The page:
The filter will be designed to operate efficiently at system pressures which can be up to 6.3 MPa (914 psi), thus ensuring it remains intact during normal operations with minimal risk of bursting.
Optionally, the filter can be equipped with a system designed to allow oil to bypass the filter if the element becomes clogged, thus preventing the element from collapsing. Filter bypass systems are generally not applied to contamination-sensitive lubrication systems.
Switchover valves require high-integrity design and material construction to prevent leaks that could potentially pose fire hazards.
There are additional considerations that turbine and turbo compressor operators must be aware of. Besides low-pressure duplex filtration, a complete hydraulic system, whether for the lubrication system or auxiliary systems, requires additional oil conditioning solutions including:
Turbine control and auxiliary hydraulic systems require continuous filtration to protect equipment and components. For lubrications systems the market offers standard and custom-built duplex filter solutions to meet different requirements for connection size (commonly 3″/DN80 to 8″/DN200) and operating pressure from 1.6 to 6.3 MPA (232 to 914 psi). In addition, common auxiliary systems can use duplex or simplex high-pressure filters with pressure requirements up to 41.4 MPa (6,000 psi). All applications must be designed to allow a sufficient margin of safety for pressure peaks in the system to be absorbed.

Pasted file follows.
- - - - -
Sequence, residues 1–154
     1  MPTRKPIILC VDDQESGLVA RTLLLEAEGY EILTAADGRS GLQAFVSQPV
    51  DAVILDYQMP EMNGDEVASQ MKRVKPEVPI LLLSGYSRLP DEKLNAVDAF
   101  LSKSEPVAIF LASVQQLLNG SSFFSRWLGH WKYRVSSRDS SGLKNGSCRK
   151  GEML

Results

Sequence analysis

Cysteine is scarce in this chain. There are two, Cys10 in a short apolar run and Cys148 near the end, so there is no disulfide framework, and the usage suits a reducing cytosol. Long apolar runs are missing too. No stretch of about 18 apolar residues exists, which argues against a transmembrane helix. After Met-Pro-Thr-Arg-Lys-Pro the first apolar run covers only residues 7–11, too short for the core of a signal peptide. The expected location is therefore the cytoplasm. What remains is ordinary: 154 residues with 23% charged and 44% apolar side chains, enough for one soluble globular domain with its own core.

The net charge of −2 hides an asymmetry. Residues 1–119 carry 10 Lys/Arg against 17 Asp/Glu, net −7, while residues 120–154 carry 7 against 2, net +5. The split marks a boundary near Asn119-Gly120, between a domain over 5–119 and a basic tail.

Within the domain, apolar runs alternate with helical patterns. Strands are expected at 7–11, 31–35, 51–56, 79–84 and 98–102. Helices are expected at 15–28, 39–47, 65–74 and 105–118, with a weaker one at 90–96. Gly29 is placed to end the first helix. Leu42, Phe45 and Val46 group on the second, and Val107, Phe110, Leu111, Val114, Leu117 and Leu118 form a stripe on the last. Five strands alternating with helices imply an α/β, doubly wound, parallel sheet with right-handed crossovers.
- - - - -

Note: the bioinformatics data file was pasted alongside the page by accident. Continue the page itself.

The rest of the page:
Additional offline filtration of lubricating oil is recommended for power generating turbines and turbo compressors. These units tend to use a side-stream return line to remove solid particles and some free and emulsified water from the oil. Offline filtration goes further to reduce oil aging and in turn spending for new oil or worse—bearing and shaft repairs. Offline filtration units have been developed for all viscosity ranges, from transformer to heavy gear oils.
Water is a particularly destructive foreign substance in hydraulic and lubricating oil systems. Duplex filtration solutions may also employ automated purifiers to effectively remove free emulsified and dissolved water, free and dissolved gases, and particulate contamination down to 3 microns. These water removal devices are also known as vacuum dehydrators and can be added to online or offline oil systems or reservoirs.
Reliable indication of when to change the filter element can be important. As the filter element becomes clogged the differential pressure increases. A clogging indicator monitors the differential pressure and alerts operators when a replacement filter element is needed. Indicators should be of rugged quality and electric-explosion-proof, having multiple set points (e.g., 70% and 100% clogged) to accommodate different system requirements.
Electrostatic discharge is common with zinc-free hydraulic and lubricating oils that do not contain the heavy metals of the previous generation of fluids. With the increasing use of synthetics in oils to replace zinc additives, oil conductivity is lowered. In turn, static charges can be generated as oil flows through the filter, causing sparks to propagate from the filter media to the filter’s metal supports. Including the risk of explosions, this can degrade the oil and create varnish, which can cause valve spools to seize up, solenoids to overheat and filters to clog.
This discharge can further damage the filter and possibly interrupt electrical systems. For oils with a conductivity below 300 pS/m (picosiemens per meter, a measure of a fluid’s electrostatic chargeability), it is recommended to use high surface area filters with anti-static elements that are designed to provide optimum filtering efficiency while reducing electrostatic discharge.